The three-week lull in Middle East violence was shattered further as Israel retaliated for the deaths of four soldiers at the hands of Islamic militants Wednesday by bulldozing dozens of Palestinian homes in the Gaza Strip. Within hours, Islamic Jihad announced it was calling off a three-week-old agreement with Yasser Arafat to refrain from attacking Israelis.

Army units were out in force in Colombia's capital as peace negotiations between the government and the largest rebel movement collapsed and President Andres Pastrana gave the insurgents 48 hours to vacate their security zone. Pastrana's grant of the Switzerland-size haven to the Revolutionary Armed Forces (FARC) was to expire Jan. 20, and the rebels had hoped to keep the talks going until then. But the president blamed FARC for refusing to discuss such key issues as a cease-fire. He did not say what could cause a resumption of the talks. (Story, page 7.)

Difficult terrain was hindering US efforts to recover the remains of seven Marines who died in Pakistan when their KC-130 tanker plane crashed as it neared a landing strip. The loss was the US's largest to date in the counterterrorism campaign. Meanwhile, Afghanistan's interim government was on the defensive over allowing seven high-ranking Taliban officials to go free earlier this week as the State Department said bluntly that captured Taliban members should be in US hands. (Related story, page 1.)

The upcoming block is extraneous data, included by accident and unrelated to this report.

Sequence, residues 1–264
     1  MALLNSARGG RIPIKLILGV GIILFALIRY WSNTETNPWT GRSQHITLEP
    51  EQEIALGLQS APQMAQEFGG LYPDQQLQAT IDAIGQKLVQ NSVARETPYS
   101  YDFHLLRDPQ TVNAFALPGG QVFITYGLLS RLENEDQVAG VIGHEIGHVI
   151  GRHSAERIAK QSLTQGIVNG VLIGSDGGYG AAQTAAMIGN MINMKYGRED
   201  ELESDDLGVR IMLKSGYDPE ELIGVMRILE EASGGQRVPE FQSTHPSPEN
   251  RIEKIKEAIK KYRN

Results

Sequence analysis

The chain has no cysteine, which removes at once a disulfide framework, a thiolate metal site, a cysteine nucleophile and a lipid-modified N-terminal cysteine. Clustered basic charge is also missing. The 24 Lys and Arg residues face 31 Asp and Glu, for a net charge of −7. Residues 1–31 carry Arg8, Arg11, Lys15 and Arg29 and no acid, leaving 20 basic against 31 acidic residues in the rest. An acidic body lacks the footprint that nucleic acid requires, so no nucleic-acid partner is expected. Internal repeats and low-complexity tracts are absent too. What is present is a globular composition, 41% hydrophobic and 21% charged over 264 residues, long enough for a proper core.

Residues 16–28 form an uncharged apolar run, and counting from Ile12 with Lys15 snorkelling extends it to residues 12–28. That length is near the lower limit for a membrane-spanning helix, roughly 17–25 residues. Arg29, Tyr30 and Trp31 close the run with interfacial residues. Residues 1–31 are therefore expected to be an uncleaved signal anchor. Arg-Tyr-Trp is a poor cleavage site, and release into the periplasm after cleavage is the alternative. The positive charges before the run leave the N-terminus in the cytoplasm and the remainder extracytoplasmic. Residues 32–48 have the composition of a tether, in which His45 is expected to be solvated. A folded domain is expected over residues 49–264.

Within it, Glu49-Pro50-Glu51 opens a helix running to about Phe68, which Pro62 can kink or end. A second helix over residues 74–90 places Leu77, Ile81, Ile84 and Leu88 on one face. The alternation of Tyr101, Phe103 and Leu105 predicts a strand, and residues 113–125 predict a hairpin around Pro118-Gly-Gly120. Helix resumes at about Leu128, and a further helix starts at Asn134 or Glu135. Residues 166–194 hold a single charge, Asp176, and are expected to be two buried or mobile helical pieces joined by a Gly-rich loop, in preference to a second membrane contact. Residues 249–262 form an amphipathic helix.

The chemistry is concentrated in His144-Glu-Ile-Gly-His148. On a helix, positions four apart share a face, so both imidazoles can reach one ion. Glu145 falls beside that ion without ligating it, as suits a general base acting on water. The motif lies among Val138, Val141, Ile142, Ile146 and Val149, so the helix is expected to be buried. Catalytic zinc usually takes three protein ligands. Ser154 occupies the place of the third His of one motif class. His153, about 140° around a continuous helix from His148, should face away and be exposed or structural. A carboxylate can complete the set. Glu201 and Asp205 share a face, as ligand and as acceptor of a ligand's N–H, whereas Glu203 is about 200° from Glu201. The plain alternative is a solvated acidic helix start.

Two controversial new laws calculated to enhance President Robert Mugabe's prospects for reelection in Zimbabwe won Parliament's OK. Among other restrictions, they deny the vote in the March 9-10 election to Zimbabweans living abroad and impose jail time for "engendering hostility" toward Mugabe. In another move weakening the election hopes of Mugabe's main rival, opposition leader Morgan Tsvangirai, senior military and police commanders warned they wouldn't accept a president who did not fight in the nation's 1970s war against white rule. (Editorial, page 10.)

Bitterly disappointed migrants wept (above) as Hong Kong's Court of Final Appeal ruled that all but a few of them must be repatriated to the Chinese mainland, ending their dream of a permanent home in the affluent ex-British colony. The decision appears to affect 4,800 people, many of whom likely will have to leave family members behind. Only an estimated 200 seemed certain to be able to stay under the qualifications for residency. The issue has been a source of embarrassment since Hong Kong reverted to Chinese rule in 1999.

The expected lifting of a three-week ban on currency trading in Argentina was delayed again, and the nation's top economic official announced it would be "difficult" to end a freeze on savings-account withdrawals. It was not clear as the Monitor went to press when banks would be allowed to reopen.

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